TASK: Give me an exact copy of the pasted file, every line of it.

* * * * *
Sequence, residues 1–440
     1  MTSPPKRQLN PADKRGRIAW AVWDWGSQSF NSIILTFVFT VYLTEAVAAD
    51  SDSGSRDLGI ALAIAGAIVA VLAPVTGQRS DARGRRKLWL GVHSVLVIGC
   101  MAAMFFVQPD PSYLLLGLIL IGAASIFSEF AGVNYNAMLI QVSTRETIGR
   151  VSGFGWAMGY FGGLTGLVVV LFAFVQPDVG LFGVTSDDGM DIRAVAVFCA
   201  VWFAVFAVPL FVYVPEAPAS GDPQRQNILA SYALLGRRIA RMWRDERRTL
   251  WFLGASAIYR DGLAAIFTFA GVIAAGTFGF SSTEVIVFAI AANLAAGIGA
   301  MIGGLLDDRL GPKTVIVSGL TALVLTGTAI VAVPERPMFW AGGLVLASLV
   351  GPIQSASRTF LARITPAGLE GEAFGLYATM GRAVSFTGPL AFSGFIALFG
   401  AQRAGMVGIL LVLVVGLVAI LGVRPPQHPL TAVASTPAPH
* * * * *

Sequence, residues 1–440
     1  MTSPPKRQLN PADKRGRIAW AVWDWGSQSF NSIILTFVFT VYLTEAVAAD
    51  SDSGSRDLGI ALAIAGAIVA VLAPVTGQRS DARGRRKLWL GVHSVLVIGC
   101  MAAMFFVQPD PSYLLLGLIL IGAASIFSEF AGVNYNAMLI QVSTRETIGR
   151  VSGFGWAMGY FGGLTGLVVV LFAFVQPDVG LFGVTSDDGM DIRAVAVFCA
   201  VWFAVFAVPL FVYVPEAPAS GDPQRQNILA SYALLGRRIA RMWRDERRTL
   251  WFLGASAIYR DGLAAIFTFA GVIAAGTFGF SSTEVIVFAI AANLAAGIGA
   301  MIGGLLDDRL GPKTVIVSGL TALVLTGTAI VAVPERPMFW AGGLVLASLV
   351  GPIQSASRTF LARITPAGLE GEAFGLYATM GRAVSFTGPL AFSGFIALFG
   401  AQRAGMVGIL LVLVVGLVAI LGVRPPQHPL TAVASTPAPH